The loan of one of the pedimental sculptures from the Parthenon to the Hermitage raises a number of issues about cultural property. I was presenting a research seminar on this topic in Cambridge last month and I was asked how the debates fit into the wider discussion of cultural imperialism.
One of the most helpful reviews attacking the position of the Encyclopedic museum as maintained by James Cuno, and Neil MacGregor, has been provided by Roger Bland of the British Museum.
I have been watching (UK) Channel 4's Time Team this evening. The programme looked at an undisclosed field (under a potato crop) where a Viking burial had been found. The location in Yorkshire was so sensitive that it was given a codename: Ainsbrook. Here is the summary: In late 2003 two metal detectorists were working in a field in Yorkshire. They found 'treasure' buried just beneath the surface – a collection of Viking material next to a body. Although they had been detecting on the site for a number of years, during which time they had made large numbers of finds, nothing they had uncovered previously compared with this. They decided to share their discovery with archaeologists.The programme explored the tension between metal-detectorists and the English Heritage sponsored archaeologists putting six trenches into the field based on a geo-physical survey. Finds made by the metal-detectorists did not easily map onto the archaeological features.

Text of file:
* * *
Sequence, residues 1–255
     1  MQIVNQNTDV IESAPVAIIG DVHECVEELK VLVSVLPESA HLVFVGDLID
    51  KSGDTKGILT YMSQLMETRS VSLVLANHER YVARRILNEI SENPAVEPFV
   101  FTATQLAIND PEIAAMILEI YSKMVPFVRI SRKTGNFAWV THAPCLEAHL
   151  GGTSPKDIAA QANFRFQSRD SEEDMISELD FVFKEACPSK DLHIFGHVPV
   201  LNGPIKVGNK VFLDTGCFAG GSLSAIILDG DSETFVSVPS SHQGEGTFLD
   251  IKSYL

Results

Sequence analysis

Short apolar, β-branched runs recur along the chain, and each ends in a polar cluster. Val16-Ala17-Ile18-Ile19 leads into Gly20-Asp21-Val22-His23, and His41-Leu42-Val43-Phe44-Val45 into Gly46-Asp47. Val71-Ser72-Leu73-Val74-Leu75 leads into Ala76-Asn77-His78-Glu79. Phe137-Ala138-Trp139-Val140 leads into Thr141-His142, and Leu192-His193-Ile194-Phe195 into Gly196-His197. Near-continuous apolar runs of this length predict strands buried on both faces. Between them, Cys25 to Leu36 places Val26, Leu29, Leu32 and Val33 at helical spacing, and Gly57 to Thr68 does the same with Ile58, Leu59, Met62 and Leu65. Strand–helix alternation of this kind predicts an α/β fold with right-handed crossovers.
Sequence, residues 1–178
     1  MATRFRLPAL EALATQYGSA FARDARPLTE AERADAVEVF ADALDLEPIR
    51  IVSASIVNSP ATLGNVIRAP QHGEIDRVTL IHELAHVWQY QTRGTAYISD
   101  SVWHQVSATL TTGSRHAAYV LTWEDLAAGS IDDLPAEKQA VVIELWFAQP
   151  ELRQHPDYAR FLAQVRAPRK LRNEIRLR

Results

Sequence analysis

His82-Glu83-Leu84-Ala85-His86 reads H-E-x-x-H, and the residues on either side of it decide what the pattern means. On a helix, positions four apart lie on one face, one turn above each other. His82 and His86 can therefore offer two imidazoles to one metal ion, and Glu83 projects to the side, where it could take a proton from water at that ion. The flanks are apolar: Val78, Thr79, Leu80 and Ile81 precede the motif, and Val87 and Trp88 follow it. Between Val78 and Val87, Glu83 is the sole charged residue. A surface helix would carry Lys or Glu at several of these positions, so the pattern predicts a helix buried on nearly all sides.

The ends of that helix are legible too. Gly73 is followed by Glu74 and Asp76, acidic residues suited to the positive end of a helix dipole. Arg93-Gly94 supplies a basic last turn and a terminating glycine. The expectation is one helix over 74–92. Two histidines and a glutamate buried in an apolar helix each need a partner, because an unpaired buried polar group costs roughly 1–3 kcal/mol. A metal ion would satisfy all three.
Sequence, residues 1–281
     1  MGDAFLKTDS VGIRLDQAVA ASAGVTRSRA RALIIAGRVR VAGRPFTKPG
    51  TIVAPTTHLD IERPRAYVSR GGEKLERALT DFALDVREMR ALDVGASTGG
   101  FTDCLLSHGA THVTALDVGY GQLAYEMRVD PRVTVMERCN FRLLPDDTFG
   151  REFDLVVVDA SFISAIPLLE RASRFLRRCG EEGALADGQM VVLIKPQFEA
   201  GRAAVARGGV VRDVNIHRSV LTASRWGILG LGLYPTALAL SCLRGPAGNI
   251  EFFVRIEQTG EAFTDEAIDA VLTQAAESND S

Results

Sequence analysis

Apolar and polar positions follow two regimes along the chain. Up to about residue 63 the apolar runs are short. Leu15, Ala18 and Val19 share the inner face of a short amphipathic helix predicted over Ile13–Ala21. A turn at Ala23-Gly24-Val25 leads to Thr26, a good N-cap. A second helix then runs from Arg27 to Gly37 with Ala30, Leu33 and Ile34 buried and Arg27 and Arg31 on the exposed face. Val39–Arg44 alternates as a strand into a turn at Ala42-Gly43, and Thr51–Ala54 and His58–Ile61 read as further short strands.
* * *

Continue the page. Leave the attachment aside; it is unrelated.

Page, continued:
Christie's is due to display part of the former collection of the late George Ortiz in London in a non-selling show to mark the 25th anniversary of the exhibition at the Royal Academy. There is a statement on the Christie's website ("The Ortiz Collection — ‘proof that the past is in all of us’"). Max Bernheimer is quoted: ‘Ortiz was one of the pre-eminent collectors of his day’.
Bernheimer will, no doubt, wish to reflect on the Royal Academy exhibition by reading Christopher Chippindale and David W. J. Gill. 2000. "Material consequences of contemporary classical collecting." American Journal of Archaeology 104: 463-511 [JSTOR].
Bernheimer will probably want to re-read the two pieces by Peter Watson that appeared in The Times: , "Ancient art without a history" and "Fakes - the artifice b…
The post-excavation histories of objects are important as we map the that cultural property passes through collections and the markets. This is clear for an Attic black-figured amphora, attributed to Group E, that is due to be auctioned at Christie's New York on October 31, 2018 (lot 31). It shows Herakles and the Nemean lion, and Theseus and the Minotaur.
The auction catalogue claims that it surfaced in the hands of John Hewett in London in 1970 (or earlier), then to a private collection in Europe, followed by a series of auctions: A European private collection; Antiquities Sotheby's, London, 11 July 1988, lot 130thence to a private collection, New YorkAntiquities Christie's, New York, 15 December 1992, lot 81Antiquities Sotheby's, New York, 17 December 1996, lot 50Antiquities, Sotheby's, New York, 4 June 1998, lot 102
The amphora appears in the Beazley Archive (BAPD 350425). This provides the history sequence as follows (though in the list of auction catalogues s…